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Zone: Zero (New Series) Paperback – September 15, 2008


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Product Details

  • Series: New Series (Book 24)
  • Paperback: 120 pages
  • Publisher: Ahsahta Press; Pap/Com edition (September 15, 2008)
  • Language: English
  • ISBN-10: 1934103012
  • ISBN-13: 978-1934103012
  • Product Dimensions: 0.2 x 6 x 8 inches
  • Shipping Weight: 7.2 ounces (View shipping rates and policies)
  • Average Customer Review: 5.0 out of 5 stars  See all reviews (2 customer reviews)
  • Amazon Best Sellers Rank: #2,557,194 in Books (See Top 100 in Books)

Editorial Reviews

From Publishers Weekly

In her fifth collection, Strickland (V: WaveSon.nets) continues her investigatory hypertext antics, challenging readers with poem sequences refracted through conceptual use of the page and expansive reading of social and scientific histories. These poems swell with allusion and quotation, capturing the paradox of our contemporary moment's clipped attention span and obsession with information. We find Lot's wife and Patti Smith on facing pages; "the Half-Life and Quake game engines" in close proximity to Desert Shield; and the 32-page "Ballad of Sand and Harry Soot," an enigmatic pairing of characters and their pun-filled adventures ("Sand panned speed. Languid was she. Oh seeming fast, fine foil for/ de... lay"). Strickland's poems have an impressive sonic range, from the quotidian and subdued ("who can open/ who can/ hold it/ constant/ quiet") to the unbridled ("a disaster a pilaster and a jailmeister play/ pool.littlegreen willytadpoles//jasper"). Occasionally, Strickland's copious notes are more intriguing than the poems' elaborate structural elements; this is due in part, no doubt, to Strickland's attempt to squeeze work originally designed to take advantage of the bells and whistles of the computer screen into the confines of the page, a problem the accompanying CD, with digital versions of two of the book's sequences, attempts to solve. (Sept.)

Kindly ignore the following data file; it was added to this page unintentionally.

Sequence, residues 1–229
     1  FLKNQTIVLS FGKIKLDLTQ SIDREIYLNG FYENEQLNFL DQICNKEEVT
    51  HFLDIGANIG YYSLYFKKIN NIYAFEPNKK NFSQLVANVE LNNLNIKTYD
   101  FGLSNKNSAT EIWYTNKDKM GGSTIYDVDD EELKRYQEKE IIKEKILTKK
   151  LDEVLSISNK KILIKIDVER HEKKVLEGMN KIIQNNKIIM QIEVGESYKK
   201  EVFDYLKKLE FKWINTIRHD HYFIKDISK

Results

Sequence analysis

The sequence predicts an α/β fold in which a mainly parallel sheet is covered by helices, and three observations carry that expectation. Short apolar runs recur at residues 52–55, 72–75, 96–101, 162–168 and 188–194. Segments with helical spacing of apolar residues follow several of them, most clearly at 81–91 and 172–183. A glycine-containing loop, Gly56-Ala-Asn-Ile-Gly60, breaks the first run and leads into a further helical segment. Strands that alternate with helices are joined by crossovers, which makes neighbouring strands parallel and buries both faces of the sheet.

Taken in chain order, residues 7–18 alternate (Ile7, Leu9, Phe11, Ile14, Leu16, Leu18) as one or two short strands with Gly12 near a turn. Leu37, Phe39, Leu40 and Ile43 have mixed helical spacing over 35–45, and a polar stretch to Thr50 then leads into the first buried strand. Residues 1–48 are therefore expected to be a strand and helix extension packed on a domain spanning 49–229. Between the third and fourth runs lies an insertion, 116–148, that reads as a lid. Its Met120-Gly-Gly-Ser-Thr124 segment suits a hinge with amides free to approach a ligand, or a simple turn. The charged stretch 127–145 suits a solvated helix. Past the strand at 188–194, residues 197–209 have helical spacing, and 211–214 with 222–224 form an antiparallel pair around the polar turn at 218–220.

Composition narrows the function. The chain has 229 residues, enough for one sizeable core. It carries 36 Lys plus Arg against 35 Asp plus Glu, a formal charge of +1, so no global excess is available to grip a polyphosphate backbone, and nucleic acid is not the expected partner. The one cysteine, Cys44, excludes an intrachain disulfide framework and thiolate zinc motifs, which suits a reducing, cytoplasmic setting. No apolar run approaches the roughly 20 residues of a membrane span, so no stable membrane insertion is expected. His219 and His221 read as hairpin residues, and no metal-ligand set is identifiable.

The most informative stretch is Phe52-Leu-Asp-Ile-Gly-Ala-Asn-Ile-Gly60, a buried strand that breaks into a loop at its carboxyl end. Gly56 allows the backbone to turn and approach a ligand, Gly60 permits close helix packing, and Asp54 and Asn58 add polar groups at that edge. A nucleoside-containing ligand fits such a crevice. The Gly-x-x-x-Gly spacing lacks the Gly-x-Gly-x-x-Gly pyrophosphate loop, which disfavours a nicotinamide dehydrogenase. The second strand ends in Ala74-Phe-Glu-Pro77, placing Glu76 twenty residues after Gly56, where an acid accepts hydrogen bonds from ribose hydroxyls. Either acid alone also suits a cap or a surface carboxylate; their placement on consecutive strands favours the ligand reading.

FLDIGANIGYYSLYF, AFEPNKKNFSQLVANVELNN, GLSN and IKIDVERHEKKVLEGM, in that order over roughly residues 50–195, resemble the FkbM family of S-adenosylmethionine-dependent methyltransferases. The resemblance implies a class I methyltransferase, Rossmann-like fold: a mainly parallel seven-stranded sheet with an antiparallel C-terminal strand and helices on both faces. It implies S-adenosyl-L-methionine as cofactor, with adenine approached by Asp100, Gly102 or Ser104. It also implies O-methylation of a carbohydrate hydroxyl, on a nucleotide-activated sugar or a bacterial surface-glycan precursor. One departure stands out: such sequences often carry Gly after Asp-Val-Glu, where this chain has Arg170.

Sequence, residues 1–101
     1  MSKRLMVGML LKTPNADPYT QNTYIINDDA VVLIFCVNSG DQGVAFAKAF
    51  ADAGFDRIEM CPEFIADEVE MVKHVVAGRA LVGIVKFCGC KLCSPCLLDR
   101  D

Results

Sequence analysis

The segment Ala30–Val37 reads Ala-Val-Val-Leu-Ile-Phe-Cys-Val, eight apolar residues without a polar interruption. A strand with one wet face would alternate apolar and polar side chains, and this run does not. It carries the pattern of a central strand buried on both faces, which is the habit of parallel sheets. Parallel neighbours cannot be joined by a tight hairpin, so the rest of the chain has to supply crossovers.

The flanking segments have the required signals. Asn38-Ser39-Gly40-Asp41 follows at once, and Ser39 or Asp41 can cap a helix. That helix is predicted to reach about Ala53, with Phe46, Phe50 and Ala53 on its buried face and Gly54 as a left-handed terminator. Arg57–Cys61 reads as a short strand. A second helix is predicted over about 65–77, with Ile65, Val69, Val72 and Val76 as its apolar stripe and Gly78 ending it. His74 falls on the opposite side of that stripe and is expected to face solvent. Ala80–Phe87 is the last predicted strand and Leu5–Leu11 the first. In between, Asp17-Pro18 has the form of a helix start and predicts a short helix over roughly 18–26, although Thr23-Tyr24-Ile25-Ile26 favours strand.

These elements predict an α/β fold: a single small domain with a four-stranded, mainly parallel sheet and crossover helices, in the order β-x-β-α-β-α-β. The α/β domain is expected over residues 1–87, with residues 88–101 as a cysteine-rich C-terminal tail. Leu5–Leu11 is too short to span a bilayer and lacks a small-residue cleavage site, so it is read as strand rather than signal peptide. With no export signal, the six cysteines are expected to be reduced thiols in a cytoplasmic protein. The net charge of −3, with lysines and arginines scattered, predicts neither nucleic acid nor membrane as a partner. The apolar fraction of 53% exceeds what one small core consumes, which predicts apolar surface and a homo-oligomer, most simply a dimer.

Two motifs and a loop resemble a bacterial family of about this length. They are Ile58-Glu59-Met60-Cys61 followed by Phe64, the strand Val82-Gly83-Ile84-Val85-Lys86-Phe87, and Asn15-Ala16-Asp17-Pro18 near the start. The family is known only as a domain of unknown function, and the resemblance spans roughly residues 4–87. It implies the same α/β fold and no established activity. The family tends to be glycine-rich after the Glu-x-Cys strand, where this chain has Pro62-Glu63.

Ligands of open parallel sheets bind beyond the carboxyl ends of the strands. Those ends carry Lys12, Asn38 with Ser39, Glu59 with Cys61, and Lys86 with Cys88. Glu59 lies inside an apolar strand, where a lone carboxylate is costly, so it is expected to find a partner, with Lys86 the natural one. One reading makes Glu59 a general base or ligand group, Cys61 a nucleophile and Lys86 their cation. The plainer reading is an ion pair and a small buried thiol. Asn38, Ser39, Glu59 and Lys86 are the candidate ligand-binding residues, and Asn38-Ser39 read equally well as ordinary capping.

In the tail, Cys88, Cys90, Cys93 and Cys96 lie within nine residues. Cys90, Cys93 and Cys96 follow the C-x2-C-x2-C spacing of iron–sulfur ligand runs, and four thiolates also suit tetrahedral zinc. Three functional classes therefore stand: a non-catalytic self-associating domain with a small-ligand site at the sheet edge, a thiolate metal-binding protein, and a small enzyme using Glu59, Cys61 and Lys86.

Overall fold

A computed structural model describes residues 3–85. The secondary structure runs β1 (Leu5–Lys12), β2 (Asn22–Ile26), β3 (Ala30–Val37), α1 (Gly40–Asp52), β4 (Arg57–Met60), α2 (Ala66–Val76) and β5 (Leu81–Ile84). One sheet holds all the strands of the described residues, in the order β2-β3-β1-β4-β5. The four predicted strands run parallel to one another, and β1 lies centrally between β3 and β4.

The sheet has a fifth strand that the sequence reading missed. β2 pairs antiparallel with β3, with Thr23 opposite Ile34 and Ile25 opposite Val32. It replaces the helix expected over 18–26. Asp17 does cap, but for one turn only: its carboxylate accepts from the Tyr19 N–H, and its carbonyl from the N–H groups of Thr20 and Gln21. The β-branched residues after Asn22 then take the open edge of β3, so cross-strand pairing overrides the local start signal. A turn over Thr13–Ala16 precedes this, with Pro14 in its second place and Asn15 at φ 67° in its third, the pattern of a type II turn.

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Review

"Stephanie Strickland is one of contemporary poetry's polymaths: her poetry displays an astonishing command of scientific knowledge--for instance Kurt Gödel's Incompleteness Theorem--technical know-how, especially in the realm of electronic poetics, and unusual verbal virtuosity. The pièce de résistance in Zone : Zero is the interactive generative Flash poem 'slippingglimpse,' in which text and video, made by using motion capture coding, combine so as to create a genuinely new and distinctive eco-poetry. Readers/viewers will find themselves totally mesmerized." --Marjorie Perloff

" '. . . mystic immersion / enabled / smite embedding / enabled,' writes Stephanie Strickland as she launches us into the mysteries of her interior castle, her Zone : Zero. With her extraordinary ear, her crackerjack sense of timing, her genius for structure and her exquisitely dry wit (as in the delicious vaudeville routines of her 'Ballad of Sand and Harry Soot'), Strickland can lead us down these high stone stairs, through these neurodigital pathways and never lose us, even into her castle keep. And when we find ourselves there, what fierce playfulness awaits us, and what startling pleasures, pleasures indivisible from the victories they embody: "And Colette took up this / bread, which was black, / and spat back at Lord Death / the red /pomegranate drops.' " --Rachel Loden

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By T. Svoboda on October 30, 2008
Format: Paperback
What a lot of fabulous word/brain play Stephanie Strickland gives readers in her new Zone:Zero, especially in the long "Ballad of Sand ("silly con") and Harry Soot" ("Harry Soot in a seersucker suit") with its "scar arroyos, worry/furrows, wry sag"--Wow. This is the first of two poems ("slippingglimpse" also) that branches on the computer for varied and various readings. The book opens with "Constant Quiet," a seemingly-sprawled poem about control, and then "20/21 Vision" as centered to the eyes as its topic might suggest. "War Day" and "slippingglimpse" are two "boxed" poems, dazzling variations on the Anglo-Saxon double stanzas. If you're not conversant with contemporary techtalk or the Incompleteness Theorem, you might want to peruse the extensive and fascinating footnotes first as many poems celebrate the brain, artificial and otherwise: "A fact//is a failure of two things to be identical." (from " The Interior Castle"). The only time the personal is invoked is in the mention of a daughter in "Sierra Madre," illuminating the entire "Absinthe" series that comes before it. Strickland doesn't flinch from finger wagging at the greats: "they take suffering and make it/dangle" in "At Auden's Museum." Nor does she neglect the elegy: read "Prisoner in the Cave" and beat on your bars.
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This was a gift for a relative, who raved about it. He was very happy with it.
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